Do You Ever Stop Needing Your Mom?


My 5-year-old son talks a lot. A. Lot. My 2-year-old daughter seems to be following in his footsteps and is growing more and more talkative by the day (especially when she is supposed to be napping). I pretty much adore about 98% of what they say, and most days I really enjoy having talkative kids. Most days. But some days, I wonder how I will keep my sanity while responding to every single tiny, crazy detail they choose to heap onto me. This morning alone, in the space of about 25 minutes, I fielded questions about every piece of food I’d served, responded to my son’s running narrative of everything his sister is doing (“Mama, she’s putting on her boots…Mama, she’s not eating her granola bar… Mama, she’s breathing”), and talked to both kids in the car about almost every building we drove by on our way to a playgroup, where I prayed they would each get distracted enough to give me a break from the chatting (spoiler alert – they didn’t).

Sometimes, when I’m in the midst of all this chatter, I find myself dreaming of a day when I might have just a bit more silence in my life. My kids will grow older and have other outlets, and while I’m sure I will miss being their main (and often only) audience for all of their thoughts and ideas, I’m also pretty sure I’ll enjoy some peace.

Or will I?

Maybe not. Just the other day I was fantasizing about a quieter future as a mother of no-longer-littles when my phone dinged with a text from my own mother – and something occurred to me. I scrolled through the recent texts I had sent her and realized – gasp! – that I am pretty regularly barraging her with the mundane details of my life. As evidence, here’s just a few of the texts I’ve recently sent her:

We’re buying a leaf blower!

M isn’t falling asleep for her nap.

M has a runny nose. Going to just stay home today.

Migraine day 3. I need a hug.

I think my period is starting. Meh.

And trust me, this list could be a lot longer. I remember when my daughter didn’t sleep at night for about 6 months straight – I texted my mother every single morning at 6 a.m. with a (probably super annoying) play-by-play of how rough the night before had been.

AND I haven’t even included all the texts asking my mom to help me with something (“Can you watch the kids so I can get a bit of work done?” “Can M hang out with you while J has a playdate?”).

Ok. So, apparently this motherhood thing, this whole captive-audience-for-your-kids’-every-thought-word-complaint thing, never stops. Apparently it won’t stop when my kids grow up. Because I grew up. I grew way up and I still send my mom all these texts.

But the really beautiful thing about scrolling through my own incessant ramblings to my mom? Her responses. Here are a few of them:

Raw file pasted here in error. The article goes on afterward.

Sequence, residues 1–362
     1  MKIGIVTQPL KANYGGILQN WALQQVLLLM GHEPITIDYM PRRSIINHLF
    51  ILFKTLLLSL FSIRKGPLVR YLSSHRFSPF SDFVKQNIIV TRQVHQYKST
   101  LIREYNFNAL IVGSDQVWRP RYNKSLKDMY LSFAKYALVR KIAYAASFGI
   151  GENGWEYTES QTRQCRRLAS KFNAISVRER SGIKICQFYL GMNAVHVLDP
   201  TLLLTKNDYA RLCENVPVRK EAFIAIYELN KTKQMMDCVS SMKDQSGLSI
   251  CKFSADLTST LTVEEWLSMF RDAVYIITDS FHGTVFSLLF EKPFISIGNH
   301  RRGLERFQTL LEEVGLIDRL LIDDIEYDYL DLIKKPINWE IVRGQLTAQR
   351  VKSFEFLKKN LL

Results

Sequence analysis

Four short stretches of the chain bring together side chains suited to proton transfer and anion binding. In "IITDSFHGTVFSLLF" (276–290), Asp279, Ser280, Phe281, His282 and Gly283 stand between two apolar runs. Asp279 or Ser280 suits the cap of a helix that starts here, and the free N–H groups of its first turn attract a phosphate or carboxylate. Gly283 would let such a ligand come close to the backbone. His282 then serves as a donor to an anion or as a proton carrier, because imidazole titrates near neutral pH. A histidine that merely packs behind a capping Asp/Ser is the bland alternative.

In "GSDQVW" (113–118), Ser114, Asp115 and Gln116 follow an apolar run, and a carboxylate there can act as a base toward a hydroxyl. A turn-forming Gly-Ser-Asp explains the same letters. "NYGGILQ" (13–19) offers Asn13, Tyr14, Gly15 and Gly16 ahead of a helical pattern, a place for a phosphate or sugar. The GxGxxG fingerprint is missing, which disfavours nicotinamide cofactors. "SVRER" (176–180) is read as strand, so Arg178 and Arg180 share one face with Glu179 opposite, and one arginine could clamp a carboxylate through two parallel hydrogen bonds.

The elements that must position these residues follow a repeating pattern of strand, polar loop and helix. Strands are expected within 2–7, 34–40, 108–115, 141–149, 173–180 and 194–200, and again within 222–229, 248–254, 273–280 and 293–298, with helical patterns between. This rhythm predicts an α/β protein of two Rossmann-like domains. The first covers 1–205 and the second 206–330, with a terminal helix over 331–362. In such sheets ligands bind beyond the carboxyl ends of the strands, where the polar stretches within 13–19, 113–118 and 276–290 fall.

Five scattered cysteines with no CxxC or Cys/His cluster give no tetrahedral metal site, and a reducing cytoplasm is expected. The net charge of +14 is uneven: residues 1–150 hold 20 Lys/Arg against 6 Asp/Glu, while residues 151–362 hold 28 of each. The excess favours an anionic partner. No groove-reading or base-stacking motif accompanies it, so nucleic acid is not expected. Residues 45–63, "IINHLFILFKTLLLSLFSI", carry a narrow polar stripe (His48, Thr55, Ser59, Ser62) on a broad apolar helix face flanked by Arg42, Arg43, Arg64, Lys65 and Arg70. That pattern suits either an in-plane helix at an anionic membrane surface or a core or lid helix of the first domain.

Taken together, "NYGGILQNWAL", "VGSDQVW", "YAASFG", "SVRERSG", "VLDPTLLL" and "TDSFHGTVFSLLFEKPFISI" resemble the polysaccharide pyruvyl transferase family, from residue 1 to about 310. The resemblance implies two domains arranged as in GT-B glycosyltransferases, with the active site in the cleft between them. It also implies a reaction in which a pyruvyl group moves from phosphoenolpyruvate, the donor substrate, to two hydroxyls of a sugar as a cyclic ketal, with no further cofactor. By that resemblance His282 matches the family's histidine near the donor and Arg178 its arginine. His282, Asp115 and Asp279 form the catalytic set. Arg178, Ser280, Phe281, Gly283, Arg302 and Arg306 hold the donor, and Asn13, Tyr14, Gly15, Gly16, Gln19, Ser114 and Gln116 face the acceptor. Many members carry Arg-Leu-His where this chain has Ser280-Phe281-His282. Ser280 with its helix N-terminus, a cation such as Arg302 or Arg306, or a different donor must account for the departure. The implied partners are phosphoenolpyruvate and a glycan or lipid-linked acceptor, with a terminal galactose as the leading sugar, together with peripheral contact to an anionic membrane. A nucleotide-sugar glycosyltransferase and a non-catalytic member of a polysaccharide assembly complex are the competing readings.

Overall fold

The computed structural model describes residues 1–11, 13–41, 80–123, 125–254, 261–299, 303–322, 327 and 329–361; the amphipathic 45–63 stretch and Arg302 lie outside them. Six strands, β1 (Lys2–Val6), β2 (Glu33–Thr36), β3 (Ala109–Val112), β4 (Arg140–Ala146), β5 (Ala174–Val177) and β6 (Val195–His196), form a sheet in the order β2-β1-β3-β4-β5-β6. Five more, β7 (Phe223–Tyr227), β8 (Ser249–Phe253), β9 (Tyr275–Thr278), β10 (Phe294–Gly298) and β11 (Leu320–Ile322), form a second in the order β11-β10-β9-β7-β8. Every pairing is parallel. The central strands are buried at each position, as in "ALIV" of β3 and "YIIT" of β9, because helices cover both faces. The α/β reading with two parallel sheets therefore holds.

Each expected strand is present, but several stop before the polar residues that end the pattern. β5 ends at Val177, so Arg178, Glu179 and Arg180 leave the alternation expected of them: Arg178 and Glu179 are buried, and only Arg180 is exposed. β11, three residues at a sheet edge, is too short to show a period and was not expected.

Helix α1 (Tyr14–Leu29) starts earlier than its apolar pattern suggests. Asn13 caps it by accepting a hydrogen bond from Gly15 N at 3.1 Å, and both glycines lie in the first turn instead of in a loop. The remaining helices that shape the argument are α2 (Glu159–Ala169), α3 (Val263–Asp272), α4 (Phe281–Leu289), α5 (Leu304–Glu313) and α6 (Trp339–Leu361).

I know my weekend was full of your kids but I miss them already.

I am the luckiest Mimi in the world!

How are you feeling?

So happy you are feeling better! Have a wonderful rest of your day!

I’m very proud of you!

I share bland detail after bland detail of my life with my mom because I know she’s the only one who really, fully cares in just the way a mom does. And it hit me – that must be why my own children provide me with endless questions and ideas and complaints and arguments . . . they know I’m here to listen. It’s actually a pretty beautiful gift.

Side note: As a blog contributor, I keep a running list of possible blog topics and many of them are about my mom. How much she helps me with my kids. A list of the things I would never be able to do without her always being so willing to help. How happy I am to have made the decision to move and to raise my kids near my parents, how it fills me with joy that they call their grandparents’ house their “home away from home.” But every time I try to write one of these posts, it always falls short somehow. I’m never able to convey how I really feel about all of it. I can never get the words right. So, I’ve written this silly post about text messages. Which is kind of ironic, because text messages themselves often fall short in getting a real, true message across. But it’s the first “possible blog topic” about my mom that I was able to finish. So, I’m hoping the message is there. She’s a good mom, that lady. And I love her. A. Lot.

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Elizabeth Bettencourt holds a BFA in Theatre and a BS in Secondary English Education from the University of Rhode Island, a Masters in Reading & Literacy from Endicott College, and a Doctorate in Education from Northeastern University. Prior to becoming a stay-at-home parent full time, Liz taught English Language Arts and theatre at Plymouth South High School, where she also served as the ELA department head and the drama club advisor. Liz has also worked as an instructional coach and education consultant specializing in literacy instruction and differentiated instruction. In addition to her work as a mother, Liz currently directs theatre productions for Massassoit Community College and serves on the board of directors for New Bedford Festival Theatre. The majority of her time, however, is spent raising her son James and daughter Muriel with the help of her super supportive spouse, Matt. Liz is excited to be a part of the team at Providence Moms Blog, where she hopes to refresh her writing skills and reflect on this crazy and beautiful thing that is motherhood.